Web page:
As a youth, I was shown to serve others to humble myself and be myself. I was giving a tour with the rest of my group of the charity and I had so many thoughts going through my head but the main thing was I felt so much joy being able to give others time, playing with the children, serving food to others and even doing some cleaning up. It changed me.It made me want to change other lifes.
A group of 10 of us volunteered at DCCK in 2012. The staff was very rude and uninviting. We were yelled at a treated like they didn't want us there. The food we chopped was dirty. They do not wash or clean any of the vegetables before cooking! I couldn't believe that we were feeding people dirty vegetables. I will never volunteer at DCCK again.
My high schoolers had to do service hours for school, and when I learned about DC Central Kitchen, I thought it would be a good opportunity for them to not only fulfill a service requirement, but also realize WHY doing service hours is important. During our entire visit to DC Central, my children and I spoke about the importance of donating our time and resources to those less fortunate than us. It was also a good lead in to speak about the effects of drugs, not getting a good education, and growing up disadvantaged.
I was impressed with the kitchen's cleanliness and the efficiency of the production prep work of food in the vegetable area. Steve the chef was very well organized and professional in instructing the volunteers to their tasks. I enjoyed giving back to society. I was humbled by the experience and plan to go back!
DCCK is extremely well run. (I volunteer at DCCK pretty regularly during the evening shift.) Curtis Cunningham is an excellent addition to the supervisor team. Even if I arrive early, stations are set and things are ready to go. We get a lot done, too! DCCK staff are enthusiastic; they love what they do and it shows. And they are nice! I always feel my contribution is appreciated.
DCCK is a rarity among food charities: a vertical operation that tackles the food insecurity problem at multiple levels, and manages to get a meaningful degree of reuse out of its donated resources. Its food doesn't just go straight to the needy; it first drives a culinary training program for putting people back on the path to self-sufficiency with skills in hand. Every 16 weeks, another class of 25 students begins their journey. Those same people staff a fully-qualified and competitive catering program that increases both public awareness and funding for the program.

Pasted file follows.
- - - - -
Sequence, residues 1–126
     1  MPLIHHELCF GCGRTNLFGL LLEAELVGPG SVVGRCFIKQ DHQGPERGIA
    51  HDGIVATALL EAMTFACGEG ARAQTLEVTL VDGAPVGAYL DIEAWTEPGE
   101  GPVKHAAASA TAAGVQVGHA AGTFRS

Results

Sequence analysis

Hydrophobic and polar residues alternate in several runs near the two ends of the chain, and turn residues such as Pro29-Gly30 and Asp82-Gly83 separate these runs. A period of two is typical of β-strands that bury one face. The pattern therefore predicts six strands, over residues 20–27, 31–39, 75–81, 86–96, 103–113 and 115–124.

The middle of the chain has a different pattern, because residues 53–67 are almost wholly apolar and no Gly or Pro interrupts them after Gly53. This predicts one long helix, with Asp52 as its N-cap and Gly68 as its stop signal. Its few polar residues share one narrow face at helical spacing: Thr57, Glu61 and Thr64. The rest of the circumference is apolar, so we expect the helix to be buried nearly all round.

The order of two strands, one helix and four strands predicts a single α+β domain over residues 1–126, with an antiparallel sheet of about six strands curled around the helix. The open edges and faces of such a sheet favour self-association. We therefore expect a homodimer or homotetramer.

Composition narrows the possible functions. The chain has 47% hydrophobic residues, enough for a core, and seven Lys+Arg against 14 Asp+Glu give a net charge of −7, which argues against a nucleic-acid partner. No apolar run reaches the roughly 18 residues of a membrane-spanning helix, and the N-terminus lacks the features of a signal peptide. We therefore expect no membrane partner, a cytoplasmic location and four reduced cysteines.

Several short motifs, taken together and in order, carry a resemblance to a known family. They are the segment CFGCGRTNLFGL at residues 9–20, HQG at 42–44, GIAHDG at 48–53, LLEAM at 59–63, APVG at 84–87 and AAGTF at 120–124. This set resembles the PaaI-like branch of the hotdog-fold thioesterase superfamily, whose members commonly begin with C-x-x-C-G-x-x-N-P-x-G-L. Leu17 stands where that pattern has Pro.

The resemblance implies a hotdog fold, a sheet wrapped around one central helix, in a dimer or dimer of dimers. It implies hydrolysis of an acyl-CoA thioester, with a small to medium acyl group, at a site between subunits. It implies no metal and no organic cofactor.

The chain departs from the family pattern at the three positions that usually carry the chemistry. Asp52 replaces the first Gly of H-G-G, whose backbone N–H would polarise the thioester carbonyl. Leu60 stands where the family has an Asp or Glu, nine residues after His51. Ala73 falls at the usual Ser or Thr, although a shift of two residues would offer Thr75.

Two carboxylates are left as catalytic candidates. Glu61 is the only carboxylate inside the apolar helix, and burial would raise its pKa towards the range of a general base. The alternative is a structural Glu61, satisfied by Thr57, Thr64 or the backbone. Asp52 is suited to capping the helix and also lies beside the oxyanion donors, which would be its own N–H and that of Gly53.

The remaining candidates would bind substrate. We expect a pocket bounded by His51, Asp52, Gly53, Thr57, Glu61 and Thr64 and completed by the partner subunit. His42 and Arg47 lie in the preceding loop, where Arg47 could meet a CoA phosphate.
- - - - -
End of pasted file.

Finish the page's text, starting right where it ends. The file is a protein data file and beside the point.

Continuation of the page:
I'm hard-pressed to think of another charity that is structured with such elegant efficiency. And it works.
From a volunteer standpoint, they operate several well-organized and well-equipped prep shifts per week, conveniently scheduled, in a bustling and social setting. It's among the most fun I've had as a volunteer, and the high demand for the limited number of openings suggests that others would agree.
They are most known for the work they do preparing nearly 5000 meals for the homeless every day.
But their most important mission is a job training program through their kitchen. They have graduated more than 80 classes (of mostly ex-cons), given them job skills, life skills, help interviewing, and job placement in local restaurants and hotel kitchens.
Several friends and I (all high schoolers) wanted to give back to the community a little this summer by volunteering at DCCK. Our evening was well-organized, efficient, fun, and rewarding. While we chopped and peeled vegetables, it was wonderful to meet our truly fascinating fellow volunteers and get to know them.
Eight members of our company volunteered to help prepare meals at the DC Central Kitchen. We were all very impressed by the dedication, organization, humility and overall energy by those that run this amazing organization. We have much respect for what they do and for their mission. We were so thrilled be able to contribute in some small way. 4,0000 healthy meals made, 365 days a year and distributed across the DC area = amazing.